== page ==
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The Coronation isn’t for us. It’s for the Church.


By Megan Manson

Megan is head of campaigns at the National Secular Society in London. She previously worked for the Japanese government promoting cultural exchange and language learning. She has long been active in local interfaith initiatives. She very kindly agreed to write this article for us, pointing out very clearly the absurdity that is the King's Coronation.



In the 1975 film Monty Python and the Holy Grail, a peasant asks King Arthur how he became king. Arthur replies: 'The Lady of the Lake, her arm clad in the purest shimmering samite, held aloft Excalibur from the bosom of the water signifying by Divine Providence that I, Arthur, was to carry Excalibur.' To which another peasant says: 'Strange women lying in ponds distributing swords is no basis for a system of government. Supreme executive power derives from a mandate from the masses, not from some farcical aquatic ceremony.'


Monty Python are comedy legends not just because they lampoon the mythology which is central to British culture. They also brilliantly parody our existing affairs of state – which are no less bizarre than Arthur’s 'farcical aquatic ceremony'.


On May 6th , our head of state King Charles III will enter Westminster Abbey adorned with priceless robes and jewellery for his coronation ceremony. During the elaborate Anglican ritual, the Archbishop of Canterbury Justin Welby will instruct Charles to swear an oath before the Bible to uphold the Church of England’s privileges as the established church. Welby will lead prayers asking God to bless Charles with wisdom. Christian hymns will be sung throughout the proceedings.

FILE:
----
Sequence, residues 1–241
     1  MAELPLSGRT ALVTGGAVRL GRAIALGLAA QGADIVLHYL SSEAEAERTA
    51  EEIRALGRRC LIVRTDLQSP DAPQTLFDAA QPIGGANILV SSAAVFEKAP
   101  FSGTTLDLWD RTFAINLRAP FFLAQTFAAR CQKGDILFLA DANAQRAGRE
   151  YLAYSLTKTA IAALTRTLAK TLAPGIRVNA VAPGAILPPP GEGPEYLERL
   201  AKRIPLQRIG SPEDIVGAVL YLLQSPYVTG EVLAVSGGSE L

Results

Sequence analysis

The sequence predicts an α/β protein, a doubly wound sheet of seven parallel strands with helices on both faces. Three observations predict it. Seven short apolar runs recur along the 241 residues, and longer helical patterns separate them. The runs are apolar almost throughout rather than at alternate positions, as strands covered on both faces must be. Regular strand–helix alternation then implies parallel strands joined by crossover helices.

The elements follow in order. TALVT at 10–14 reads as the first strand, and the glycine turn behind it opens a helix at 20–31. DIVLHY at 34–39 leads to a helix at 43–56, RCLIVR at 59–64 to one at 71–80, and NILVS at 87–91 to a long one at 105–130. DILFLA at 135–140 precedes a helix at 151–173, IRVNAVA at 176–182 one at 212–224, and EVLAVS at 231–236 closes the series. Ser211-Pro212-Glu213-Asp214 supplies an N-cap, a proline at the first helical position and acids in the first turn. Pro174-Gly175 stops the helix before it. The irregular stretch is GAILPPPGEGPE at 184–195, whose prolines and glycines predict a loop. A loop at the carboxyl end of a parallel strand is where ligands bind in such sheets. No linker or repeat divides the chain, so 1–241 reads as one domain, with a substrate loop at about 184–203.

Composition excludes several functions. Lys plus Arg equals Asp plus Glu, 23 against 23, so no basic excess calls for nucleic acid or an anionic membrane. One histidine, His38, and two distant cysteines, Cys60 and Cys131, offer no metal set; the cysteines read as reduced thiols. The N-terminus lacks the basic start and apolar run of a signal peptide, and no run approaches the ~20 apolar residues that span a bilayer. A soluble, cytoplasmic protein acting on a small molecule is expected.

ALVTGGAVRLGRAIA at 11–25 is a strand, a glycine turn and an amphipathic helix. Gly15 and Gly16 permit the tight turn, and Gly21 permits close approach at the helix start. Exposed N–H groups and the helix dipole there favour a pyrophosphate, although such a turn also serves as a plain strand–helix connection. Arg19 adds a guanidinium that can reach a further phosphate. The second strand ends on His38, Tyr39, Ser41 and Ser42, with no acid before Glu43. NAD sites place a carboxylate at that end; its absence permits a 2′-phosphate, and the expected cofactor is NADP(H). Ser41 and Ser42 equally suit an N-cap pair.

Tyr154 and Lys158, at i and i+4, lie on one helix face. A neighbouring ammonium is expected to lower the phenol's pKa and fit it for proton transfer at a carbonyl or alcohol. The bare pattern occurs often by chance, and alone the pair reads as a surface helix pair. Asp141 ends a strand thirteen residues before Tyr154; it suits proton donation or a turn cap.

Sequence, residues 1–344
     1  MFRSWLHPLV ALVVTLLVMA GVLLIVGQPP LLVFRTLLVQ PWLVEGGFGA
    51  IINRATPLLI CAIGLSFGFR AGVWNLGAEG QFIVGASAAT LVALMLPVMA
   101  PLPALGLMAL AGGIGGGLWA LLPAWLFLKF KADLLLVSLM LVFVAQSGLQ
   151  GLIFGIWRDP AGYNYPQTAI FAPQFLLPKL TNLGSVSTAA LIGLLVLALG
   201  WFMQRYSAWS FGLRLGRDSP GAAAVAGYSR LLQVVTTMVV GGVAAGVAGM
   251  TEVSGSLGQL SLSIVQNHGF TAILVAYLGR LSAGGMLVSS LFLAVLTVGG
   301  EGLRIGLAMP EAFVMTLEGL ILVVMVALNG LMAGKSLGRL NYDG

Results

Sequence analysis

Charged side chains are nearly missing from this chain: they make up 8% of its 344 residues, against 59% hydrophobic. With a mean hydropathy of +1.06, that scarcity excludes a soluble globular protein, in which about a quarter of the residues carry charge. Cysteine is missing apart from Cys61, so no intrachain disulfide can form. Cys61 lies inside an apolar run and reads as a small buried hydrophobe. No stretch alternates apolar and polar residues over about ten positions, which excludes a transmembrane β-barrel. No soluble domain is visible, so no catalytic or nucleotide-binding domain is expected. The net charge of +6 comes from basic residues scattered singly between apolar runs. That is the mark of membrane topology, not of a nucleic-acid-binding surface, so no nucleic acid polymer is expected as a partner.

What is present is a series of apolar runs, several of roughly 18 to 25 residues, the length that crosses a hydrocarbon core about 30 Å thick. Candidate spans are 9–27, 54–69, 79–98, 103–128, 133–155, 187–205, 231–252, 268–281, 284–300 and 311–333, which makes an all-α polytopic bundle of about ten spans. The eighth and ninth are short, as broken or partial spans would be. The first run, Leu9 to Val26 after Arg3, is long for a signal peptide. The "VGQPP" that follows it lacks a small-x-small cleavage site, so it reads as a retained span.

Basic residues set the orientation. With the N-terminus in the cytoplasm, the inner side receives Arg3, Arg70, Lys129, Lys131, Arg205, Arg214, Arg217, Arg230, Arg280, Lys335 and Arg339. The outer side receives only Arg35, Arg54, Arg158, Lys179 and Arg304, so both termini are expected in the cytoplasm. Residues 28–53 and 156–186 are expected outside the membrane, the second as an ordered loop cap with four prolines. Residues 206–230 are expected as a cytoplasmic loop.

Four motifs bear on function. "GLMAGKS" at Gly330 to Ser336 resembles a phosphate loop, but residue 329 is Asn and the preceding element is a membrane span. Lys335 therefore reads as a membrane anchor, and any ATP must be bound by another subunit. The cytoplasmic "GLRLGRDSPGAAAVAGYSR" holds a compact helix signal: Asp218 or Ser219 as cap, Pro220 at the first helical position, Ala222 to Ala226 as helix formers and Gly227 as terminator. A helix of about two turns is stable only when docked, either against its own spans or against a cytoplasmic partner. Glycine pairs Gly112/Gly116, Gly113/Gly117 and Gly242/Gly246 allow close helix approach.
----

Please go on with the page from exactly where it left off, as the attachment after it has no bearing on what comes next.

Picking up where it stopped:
At the most sacred part of the ceremony, Charles will partially disrobe and be seated on an ancient wooden chair housing the holy ‘Stone of Destiny’. At this point, a canopy will be placed over him and Welby will anoint him with consecrated oil from Jerusalem. The rite hearkens back to ancient magic spells when people were smeared in fat from sacrificed animals in the hope it would imbue them with power. When Queen Elizabeth was crowned in 1953, her anointing was considered so sacred that it was not broadcast on TV for the commoners to see.


Following the anointing, Welby will present Charles with his regalia – which indeed includes a sword.


No other European monarch has a coronation. Charles’ coronation will be exotic not only for the millions overseas who will watch it. It will be just as inscrutable for millions of Brits, not least because most aren’t Christian, let alone Anglican, as confirmed by the 2021 Census for England and Wales and recent surveys in Scotland. As fascinating as the spectacle of the Coronation may be, is it healthy for a nation to view its leader as an otherworldly and outlandish religious figure with little to nothing in common with the people he leads?


There is a more sinister aspect to the coronation: its reinforcement of the Church of England’s supremacy. In the Coronation, it is the monarch who is subservient to the Church, not the other way round. The Church is the stage, and the archbishops are the directors and scriptwriters. The King is an actor in what’s largely an Anglican PR exercise and display of power. He even swears an oath to the Church’s leader that he will maintain and uphold the Church of England and 'all such rights and privileges' of its bishops and clergy. Because of his duties to the church, the monarch is the only citizen in this country who has no religious freedom. He must be a confirmed Anglican; Catholics are specifically barred from the throne.


To add insult to injury, it is largely taxpayers, not the Church of England, who pay for the Coronation. It will cost us millions.